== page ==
There are endless possibilities of court users seeking to influence judges' decisions on cases in many countries. As a result, authorities often seek to reduce corruption opportunities by regulating judicial conduct and limiting access to judges. Using interview data from 15 judges drawn from a larger study of justice and anti-corruption officials in Ghana, this paper presents judges' interpretation and observation of rules around judicial conduct and the impact on corruption opportunities. The results suggest that judges interpret their obligations under these regulations broadly, including isolating themselves from the public to remove them from the possibilities of corrupt exchanges. However, it was found that instead of decreasing corruption opportunities, regulating judicial conduct in this way can produce unintended consequences. This anti-corruption measure, while well-meaning, can increase corruption opportunities, shift corruption opportunities to lower-level court officials, decrease transparency and guardianship, and even motivate judges to engage in corruption. The article concludes by discussing the implications of the results for preventing corruption in judicial systems.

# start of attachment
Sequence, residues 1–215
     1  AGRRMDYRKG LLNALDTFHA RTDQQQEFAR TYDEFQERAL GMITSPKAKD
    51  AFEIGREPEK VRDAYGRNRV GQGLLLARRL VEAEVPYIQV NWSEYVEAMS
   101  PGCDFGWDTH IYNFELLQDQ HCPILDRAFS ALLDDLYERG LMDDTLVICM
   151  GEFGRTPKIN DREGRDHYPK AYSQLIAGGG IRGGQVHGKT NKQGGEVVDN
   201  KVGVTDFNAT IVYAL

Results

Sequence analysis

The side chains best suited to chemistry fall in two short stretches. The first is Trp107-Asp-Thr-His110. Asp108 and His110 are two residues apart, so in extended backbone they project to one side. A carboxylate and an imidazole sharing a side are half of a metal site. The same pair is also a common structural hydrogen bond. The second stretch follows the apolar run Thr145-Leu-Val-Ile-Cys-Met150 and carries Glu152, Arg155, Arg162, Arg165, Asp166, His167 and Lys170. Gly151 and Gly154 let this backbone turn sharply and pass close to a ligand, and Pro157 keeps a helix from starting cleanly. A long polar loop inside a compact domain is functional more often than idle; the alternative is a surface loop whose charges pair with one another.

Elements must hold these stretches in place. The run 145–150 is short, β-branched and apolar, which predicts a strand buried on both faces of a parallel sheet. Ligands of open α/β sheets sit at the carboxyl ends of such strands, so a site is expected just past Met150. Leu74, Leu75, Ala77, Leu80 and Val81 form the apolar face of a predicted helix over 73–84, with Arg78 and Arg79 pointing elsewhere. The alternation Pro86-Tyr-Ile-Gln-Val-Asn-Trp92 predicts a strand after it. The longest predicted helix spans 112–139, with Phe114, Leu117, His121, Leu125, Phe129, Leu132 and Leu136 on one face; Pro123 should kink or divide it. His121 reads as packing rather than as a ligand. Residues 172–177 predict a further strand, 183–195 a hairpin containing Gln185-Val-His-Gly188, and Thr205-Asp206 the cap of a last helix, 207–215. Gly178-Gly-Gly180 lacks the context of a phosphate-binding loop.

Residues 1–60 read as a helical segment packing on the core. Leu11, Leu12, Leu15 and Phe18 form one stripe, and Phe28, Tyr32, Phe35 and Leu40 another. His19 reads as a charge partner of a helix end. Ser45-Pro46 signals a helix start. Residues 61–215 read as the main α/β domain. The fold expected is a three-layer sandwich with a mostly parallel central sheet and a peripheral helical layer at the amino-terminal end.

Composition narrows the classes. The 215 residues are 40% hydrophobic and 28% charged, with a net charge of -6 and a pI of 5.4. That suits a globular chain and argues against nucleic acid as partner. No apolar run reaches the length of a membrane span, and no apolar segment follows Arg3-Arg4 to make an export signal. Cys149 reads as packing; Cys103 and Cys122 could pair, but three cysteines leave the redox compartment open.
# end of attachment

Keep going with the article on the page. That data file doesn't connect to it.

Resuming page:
Correctional officer excessive use of force has not been the focus of previous research inquiries, even though it is an inevitable feature of corrections work. Utilizing court cases from the U.S. District Courts and U.S. Courts of Appeals, this study seeks to add to the body of knowledge by examining criminal liability for correctional officer excessive use of force. The most consistent theme influencing correctional officers’ decisions to use excessive force was prisoners’ display of disrespectful or hostile behavior. Correctional officers involved in gang criminal activity, sexually assaulting prisoners, and using force on prisoners with pre-existing medical conditions were other themes that emerged from the analysis. This study expands our knowledge of individual, situational, and organizational characteristics that might contribute to excessive force in corrections settings. Our study shows that correctional agencies can reduce excessive force levels by implementing simulation-based training, administering psychological tests, and creating mandatory reporting laws.